The decision to buy a new or pre-construction home has its obvious benefits: the ability to select your finishes, the guarantee of modern stainless steel appliances, open floor plans and flexible deposit structures are just a few that spring to mind.

Yet, while buying new will help you stay clear of issues that commonly plague older properties (think wiring that’s not up to code), it also has its fair share of complications — especially when it comes to closing costs.

Unlike those buying resale homes, new and pre-construction purchasers are subject to paying a portion of Harmonized Sales Tax and having to traverse the confusing rules around the HST rebate.

For those looking to grasp how the HST rebate functions, here is a list of important facts around the rebate by TheRedPin Brokerage, as well as common pitfalls that lead many Torontonians to lose out on the rebate money and get stuck having to pay thousands extra in closing costs.

Just a note, this is purely an informational article and doesn’t constitute as formal legal advice. In all matters legal and tax related, consulting with your lawyer is always a must.

The HST rebate isn’t strictly for just pre-construction and new home buyers

Whether you’ve purchased a pre-construction condo in Liberty Village as an investment or closed the deal on a newly built detached house out in the suburbs, you’re eligible to receive the same HST rebate amount.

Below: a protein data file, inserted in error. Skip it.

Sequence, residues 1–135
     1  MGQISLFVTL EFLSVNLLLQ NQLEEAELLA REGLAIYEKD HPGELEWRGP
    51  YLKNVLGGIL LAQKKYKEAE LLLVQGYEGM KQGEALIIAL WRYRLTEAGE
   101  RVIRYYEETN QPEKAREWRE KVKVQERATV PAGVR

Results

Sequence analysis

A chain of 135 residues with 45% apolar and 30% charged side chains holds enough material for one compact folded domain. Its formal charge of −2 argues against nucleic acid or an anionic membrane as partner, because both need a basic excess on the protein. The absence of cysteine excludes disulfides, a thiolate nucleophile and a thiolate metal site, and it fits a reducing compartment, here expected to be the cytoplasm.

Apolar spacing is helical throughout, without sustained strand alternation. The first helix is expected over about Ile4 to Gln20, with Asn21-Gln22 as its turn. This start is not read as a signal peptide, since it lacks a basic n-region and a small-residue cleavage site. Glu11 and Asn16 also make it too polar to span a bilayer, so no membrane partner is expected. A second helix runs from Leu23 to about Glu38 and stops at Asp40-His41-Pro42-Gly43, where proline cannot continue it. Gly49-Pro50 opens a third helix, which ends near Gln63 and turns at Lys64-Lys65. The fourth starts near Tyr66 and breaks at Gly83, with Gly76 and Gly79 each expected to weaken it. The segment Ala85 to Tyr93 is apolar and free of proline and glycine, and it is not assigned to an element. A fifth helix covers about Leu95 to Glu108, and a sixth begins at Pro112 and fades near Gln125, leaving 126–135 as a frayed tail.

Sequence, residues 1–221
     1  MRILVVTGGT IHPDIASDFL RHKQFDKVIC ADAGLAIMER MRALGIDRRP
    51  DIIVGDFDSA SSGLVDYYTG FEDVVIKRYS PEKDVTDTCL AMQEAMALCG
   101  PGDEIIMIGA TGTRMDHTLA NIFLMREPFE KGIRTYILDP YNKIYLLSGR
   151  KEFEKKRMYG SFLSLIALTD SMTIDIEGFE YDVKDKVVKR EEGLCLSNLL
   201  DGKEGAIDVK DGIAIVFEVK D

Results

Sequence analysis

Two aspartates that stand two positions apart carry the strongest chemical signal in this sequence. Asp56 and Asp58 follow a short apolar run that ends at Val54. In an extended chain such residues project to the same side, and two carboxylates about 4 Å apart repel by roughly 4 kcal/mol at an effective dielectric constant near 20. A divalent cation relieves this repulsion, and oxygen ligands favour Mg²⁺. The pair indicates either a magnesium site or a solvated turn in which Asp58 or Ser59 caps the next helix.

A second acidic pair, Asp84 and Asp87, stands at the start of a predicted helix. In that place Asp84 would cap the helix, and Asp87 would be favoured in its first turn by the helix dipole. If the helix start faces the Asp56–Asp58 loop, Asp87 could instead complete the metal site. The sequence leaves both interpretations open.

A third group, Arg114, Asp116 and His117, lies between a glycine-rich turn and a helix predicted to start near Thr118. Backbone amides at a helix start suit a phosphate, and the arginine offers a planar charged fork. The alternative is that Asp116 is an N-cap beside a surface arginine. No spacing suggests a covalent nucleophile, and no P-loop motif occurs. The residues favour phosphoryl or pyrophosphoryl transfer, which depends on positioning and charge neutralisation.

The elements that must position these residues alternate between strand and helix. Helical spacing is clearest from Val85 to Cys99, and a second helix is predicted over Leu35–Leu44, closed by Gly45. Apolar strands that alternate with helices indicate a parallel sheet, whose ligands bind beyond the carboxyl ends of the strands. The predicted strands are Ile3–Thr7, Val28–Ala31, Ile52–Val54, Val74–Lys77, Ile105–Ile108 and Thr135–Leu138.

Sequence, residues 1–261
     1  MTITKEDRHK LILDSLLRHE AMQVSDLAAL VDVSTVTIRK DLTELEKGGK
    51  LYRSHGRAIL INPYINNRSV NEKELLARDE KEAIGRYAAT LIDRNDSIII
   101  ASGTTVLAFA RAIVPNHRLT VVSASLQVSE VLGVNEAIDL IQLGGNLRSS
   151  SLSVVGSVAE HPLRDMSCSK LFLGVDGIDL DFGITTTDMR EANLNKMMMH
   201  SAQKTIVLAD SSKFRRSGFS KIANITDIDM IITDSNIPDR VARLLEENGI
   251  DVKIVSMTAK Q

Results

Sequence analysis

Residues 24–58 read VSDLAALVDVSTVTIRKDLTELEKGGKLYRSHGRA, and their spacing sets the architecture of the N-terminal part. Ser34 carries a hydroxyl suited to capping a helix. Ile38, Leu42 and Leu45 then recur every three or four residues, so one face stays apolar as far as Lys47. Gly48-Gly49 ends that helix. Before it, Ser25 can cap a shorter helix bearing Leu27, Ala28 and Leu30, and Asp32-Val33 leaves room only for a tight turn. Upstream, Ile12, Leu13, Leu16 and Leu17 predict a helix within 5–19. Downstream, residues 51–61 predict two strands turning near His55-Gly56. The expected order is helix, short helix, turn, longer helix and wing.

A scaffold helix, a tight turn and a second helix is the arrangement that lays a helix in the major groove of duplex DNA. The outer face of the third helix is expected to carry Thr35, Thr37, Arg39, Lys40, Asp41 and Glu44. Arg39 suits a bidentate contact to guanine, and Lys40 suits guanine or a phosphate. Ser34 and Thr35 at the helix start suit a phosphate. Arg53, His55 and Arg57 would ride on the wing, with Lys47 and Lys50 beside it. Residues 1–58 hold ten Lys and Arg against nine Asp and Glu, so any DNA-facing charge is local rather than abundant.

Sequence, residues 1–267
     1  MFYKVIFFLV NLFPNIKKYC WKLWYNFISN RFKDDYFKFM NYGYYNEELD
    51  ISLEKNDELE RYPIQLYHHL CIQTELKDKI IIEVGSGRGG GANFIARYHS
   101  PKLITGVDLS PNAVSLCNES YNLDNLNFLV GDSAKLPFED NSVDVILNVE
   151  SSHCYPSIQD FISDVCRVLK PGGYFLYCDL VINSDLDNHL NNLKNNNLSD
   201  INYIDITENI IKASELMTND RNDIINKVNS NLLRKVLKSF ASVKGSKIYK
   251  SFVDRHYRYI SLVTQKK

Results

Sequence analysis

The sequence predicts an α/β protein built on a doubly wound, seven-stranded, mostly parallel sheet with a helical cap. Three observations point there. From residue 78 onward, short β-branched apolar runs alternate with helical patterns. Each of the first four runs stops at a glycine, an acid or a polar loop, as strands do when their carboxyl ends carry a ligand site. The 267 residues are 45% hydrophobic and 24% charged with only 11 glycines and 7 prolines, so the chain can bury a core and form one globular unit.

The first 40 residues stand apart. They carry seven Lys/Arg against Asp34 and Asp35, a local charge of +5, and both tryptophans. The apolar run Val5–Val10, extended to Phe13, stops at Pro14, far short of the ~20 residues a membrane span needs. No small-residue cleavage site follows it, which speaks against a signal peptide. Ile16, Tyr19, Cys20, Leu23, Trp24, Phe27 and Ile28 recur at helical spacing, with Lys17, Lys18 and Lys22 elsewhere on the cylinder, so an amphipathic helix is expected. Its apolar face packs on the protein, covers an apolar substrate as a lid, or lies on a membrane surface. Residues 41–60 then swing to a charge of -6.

However, what far fewer people may be aware of is the fact that, under certain conditions, you’re eligible to receive the HST rebate when undergoing extensive renovations.

If you match any of the following criteria, you are able to claim the HST rebate:

• Acquired a pre-construction condominium or low-rise home from a real estate developer

• Purchased a new abode that has not previously been occupied by another resident

• Renovated over 90 per cent of your property

• Developed a home yourself, or commissioned a builder to create a new home on your behalf

• Rebuilt a previously destroyed or extensively damaged home

It makes a huge difference whether you’re an end user or investor

Arguably the most important fact is that there are two types of HST rebates:

• The New Home Rebate for buyers of new homes who are end users and will actually live in the property

• The New Residential Rental Property Rebate, catered to investors who will lease the new home as a means to produce monthly earnings

It’s important to note that applying for the incorrect rebate can mean losing out on the tax reimbursement (a minimum of $24,000).

Two years is the cut-off point

Buyers who have invested in a new home don’t have to apply for the New Residential Rental Property Rebate right at the time of purchase.

In fact, there’s a two-year window from the time of final closing. So, as long as all your paperwork is in order (and you have proof the new property was rented off for the first 12 months) the tax savings haven’t necessarily slipped through your fingers.

It’s important to note however, two years is the cut-off point and afterwards, you’re no longer eligible for the rebate. In general, the best piece of advice is to not delay and file for the rebate as soon as possible.

The rebate amount changes depending on the new home’s price

The HST rebate isn’t one-size fits all. The dollar amount you get back does vary depending on the property’s value.

For a Torontonian who purchased a newly built or pre-construction home for $350,000 or cheaper, the maximum rebate is $30,000. When a home is around $350,000 to $450,000, a sliding scale applies, and finally, for homes over $450,000 — the largest amount in taxes you can get back is $24,000.

Personal Finance